Overcurrent is a destructive fault that can damage small, as well as, large motors, electric devices, and home appliances.
In this article, I will discuss the current increase (overcurrent) and answer the most important questions about it. let’s get started.
what is overcurrent?
Overcurrent refers to any circumstance where the amount of electric current in an electrical system is greater than the current the system is designed to manage.
The electric current increasing or Overcurrent is exactly what it sounds like: It’s an excessive amount of current or amperage in an electrical circuit.
Overloading the circuit, a short circuit, ground fault, or arc fault can lead to an overcurrent.
A clear overcurrent example is, when a motor with a rated current of 35A, you can find rated current on the motor nameplate, draws 55A for any reason, it can be a mechanical loading as I discussed in the article Motor Overcurrent, this motor is an overcurrent situation.
Another example, If a current of 167A passes through a cable with a current ampacity of 135A, this cable is over the current situation.
In general, any electrical equipment has a rated current, whenever the current exceeds this value, it’s an overcurrent situation.
Uncontrolled electric overcurrent leads to excessive heat generation and can damage or burn equipment.
A circuit wiring overheats when an overcurrent occurs. There is a possibility that the insulation could melt, and fire can break out as a result.
Circuit overload causes the breaker to trip, opening up and shutting off the power supply. The overload could cause the wiring to overheat and melt, causing a short circuit and leading to a house fire.
In addition to the heat loss from increasing current, the rising current can also:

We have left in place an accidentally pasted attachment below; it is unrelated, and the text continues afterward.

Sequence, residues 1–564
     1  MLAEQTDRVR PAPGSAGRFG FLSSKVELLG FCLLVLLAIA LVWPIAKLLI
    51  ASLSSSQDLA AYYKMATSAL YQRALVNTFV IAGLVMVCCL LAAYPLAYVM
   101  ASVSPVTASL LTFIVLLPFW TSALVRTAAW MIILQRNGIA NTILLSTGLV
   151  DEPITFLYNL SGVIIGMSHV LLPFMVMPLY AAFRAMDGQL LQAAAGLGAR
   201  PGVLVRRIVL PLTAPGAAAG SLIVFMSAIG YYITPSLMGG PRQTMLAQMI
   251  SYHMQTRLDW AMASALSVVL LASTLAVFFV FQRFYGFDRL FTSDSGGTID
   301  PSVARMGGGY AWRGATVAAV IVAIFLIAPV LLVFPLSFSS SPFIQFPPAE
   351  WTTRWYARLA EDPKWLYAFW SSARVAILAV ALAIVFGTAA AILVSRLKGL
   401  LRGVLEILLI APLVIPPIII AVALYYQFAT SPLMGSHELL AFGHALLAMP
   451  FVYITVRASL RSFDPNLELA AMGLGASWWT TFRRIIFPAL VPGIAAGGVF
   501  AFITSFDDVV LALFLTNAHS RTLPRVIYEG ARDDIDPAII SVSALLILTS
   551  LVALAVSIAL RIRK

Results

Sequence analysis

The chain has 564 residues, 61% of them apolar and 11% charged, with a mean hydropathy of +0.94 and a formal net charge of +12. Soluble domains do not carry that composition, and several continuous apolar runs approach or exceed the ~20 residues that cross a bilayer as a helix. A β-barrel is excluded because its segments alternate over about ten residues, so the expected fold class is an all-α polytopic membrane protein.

- Damage the circuit
- Burn resistors and electronic components
- Damage to electric equipment and home appliances
- And even cause fire to break out around the circuit.
What causes overcurrent in a circuit?
Possible causes of overcurrent in an electric circuit.
- Short circuits
- Excessive load.
- Design fault.
- Arcing in circuits.
- Loose connection.
- Voltage drop.
- And Earth Faults.
Each electric device consumes a certain amount of electric current while operating. However, circuit overload will occur if you use more power than the circuit is designed for, or short circuits occur in the device, or any other fault that’s mentioned above, the reason doesn’t matter, the overcurrent effect is the same.
When a circuit is subjected to an overcurrent, a circuit overload takes place.
The breaker will trip if you’ve overloaded a circuit by plugging too many appliances into one socket. A surge power draw is another typical sort of overload.
This occurs when a motor, like a compressor in a refrigerator, needs a lot of electricity to start up.
In a short circuit, a “hot” wire touches another “hot” wire or touches a neutral wire.
There is a lower resistance along the short circuit path than along the normal path of the circuit, allowing a lot of currents to flow, resulting in excessive wire heating.
I have written a detailed article about short circuit, you can find it here for more information.
When a hot wire comes into touch with a grounded item, such as the metal casing of a tool or appliance or an electrical box made of metal (when placed as part of a grounding system), a ground fault frequently results.
For more information about electrical grounding, read my article here.
Electric discharge leaps from one conductor to another is called an arc fault.
This can occur when a hot wire meets a neutral or ground wire or when a hot wire has a minor break and only occasionally makes contact.
Arcing can also be brought on by a loose wire connection on an outlet or other equipment.